Barotrauma can affect the outer, middle, or inner ear.
The outer ear is an air-containing space that can be affected by changes in ambient pressure (see Figure 1). During diving, water normally replaces the air in the external ear canal. An obstruction such as wax, a bony growth, or earplugs can create an air-containing space that can change in volume in response to changes in ambient pressure. During descent, the volume of this space decreases causing the tympanic membrane to bulge outward (toward the outer ear canal). This can cause pain, small hemorrhages in the ear drum, or blebs (small blisters).
The most common problem that occurs in diving and flying is the failure to equalize pressure between the middle ear and the ambient environment (see Figure 2). Equalization of pressure occurs through the eustachian tube, which is the soft tissue tube that extends from the back of the nose to the middle ear space. The extent of injury depends upon the degree and speed of the ambient pressure changes. The greatest relative pressure changes in diving occur near the surface. Therefore, the largest proportional volume changes, and thus the most injuries, occur at shallow depths.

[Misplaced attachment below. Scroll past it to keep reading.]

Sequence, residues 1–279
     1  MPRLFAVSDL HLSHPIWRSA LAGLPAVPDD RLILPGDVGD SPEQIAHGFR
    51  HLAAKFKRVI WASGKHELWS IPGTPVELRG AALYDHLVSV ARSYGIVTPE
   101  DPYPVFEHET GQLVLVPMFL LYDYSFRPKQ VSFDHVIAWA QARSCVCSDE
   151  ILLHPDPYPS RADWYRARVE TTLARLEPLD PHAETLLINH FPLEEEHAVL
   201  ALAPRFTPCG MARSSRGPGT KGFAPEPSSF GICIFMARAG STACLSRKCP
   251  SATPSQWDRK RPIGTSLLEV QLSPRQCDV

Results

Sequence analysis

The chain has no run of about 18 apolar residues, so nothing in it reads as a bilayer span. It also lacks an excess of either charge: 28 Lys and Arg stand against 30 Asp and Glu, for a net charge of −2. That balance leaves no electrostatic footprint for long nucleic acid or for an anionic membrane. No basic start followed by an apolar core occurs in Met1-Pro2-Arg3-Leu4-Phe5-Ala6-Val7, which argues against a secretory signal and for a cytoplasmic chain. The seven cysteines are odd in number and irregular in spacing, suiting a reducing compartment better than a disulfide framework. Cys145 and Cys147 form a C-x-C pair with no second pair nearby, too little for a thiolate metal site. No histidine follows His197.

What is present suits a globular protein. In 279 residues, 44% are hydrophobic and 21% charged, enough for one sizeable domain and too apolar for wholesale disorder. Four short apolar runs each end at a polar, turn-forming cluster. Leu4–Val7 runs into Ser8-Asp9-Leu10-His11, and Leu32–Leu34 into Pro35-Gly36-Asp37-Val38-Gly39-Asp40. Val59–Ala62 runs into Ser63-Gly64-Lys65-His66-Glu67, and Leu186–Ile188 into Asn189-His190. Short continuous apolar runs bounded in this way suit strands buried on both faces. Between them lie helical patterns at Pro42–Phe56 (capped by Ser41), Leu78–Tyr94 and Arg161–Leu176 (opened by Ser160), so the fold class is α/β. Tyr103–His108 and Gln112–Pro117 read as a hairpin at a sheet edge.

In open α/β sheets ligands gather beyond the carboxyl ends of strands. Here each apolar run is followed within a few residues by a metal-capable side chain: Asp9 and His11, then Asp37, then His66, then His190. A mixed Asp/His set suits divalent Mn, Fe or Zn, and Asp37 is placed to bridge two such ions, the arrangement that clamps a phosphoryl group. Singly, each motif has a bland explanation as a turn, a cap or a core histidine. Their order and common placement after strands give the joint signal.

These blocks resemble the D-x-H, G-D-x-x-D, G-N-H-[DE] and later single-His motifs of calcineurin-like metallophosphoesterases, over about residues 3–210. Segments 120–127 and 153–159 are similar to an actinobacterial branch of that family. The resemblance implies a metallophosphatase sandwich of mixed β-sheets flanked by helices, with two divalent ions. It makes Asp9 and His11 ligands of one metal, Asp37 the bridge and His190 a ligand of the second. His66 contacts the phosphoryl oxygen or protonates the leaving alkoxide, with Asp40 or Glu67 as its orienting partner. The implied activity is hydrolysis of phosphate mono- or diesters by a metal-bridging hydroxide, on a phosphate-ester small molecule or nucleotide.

Figure 2: Equalization of pressure
As a diver descends to only 2.6 feet with difficulty equalizing the pressure of his middle ear space, the tympanic membrane and ossicles are retracted, and the diver experiences pressure and pain (see Figure 3). At higher pressures the eustachian tube may become “locked” closed by the negative pressure in the middle ear. This can occur at about 3.9 feet of water. Further increases in pressure, at depths of only 4.3 to 17.4 feet of water, can cause the tympanic membrane to rupture.
Figure 3: Effect of blocked eustachian tube
Inner ear injury during descent is directly related to impaired ability to equalize the middle ear pressure on the affected side. Sudden, large pressure changes in the middle ear can be transmitted to the inner ear, resulting in damage to the delicate mechanisms of the inner ear. This can cause severe vertigo and even deafness. More material about inner ear damage is available here. Two mechanisms are theorized to explain inner ear barotrauma: the “implosive” and the “explosive” mechanisms.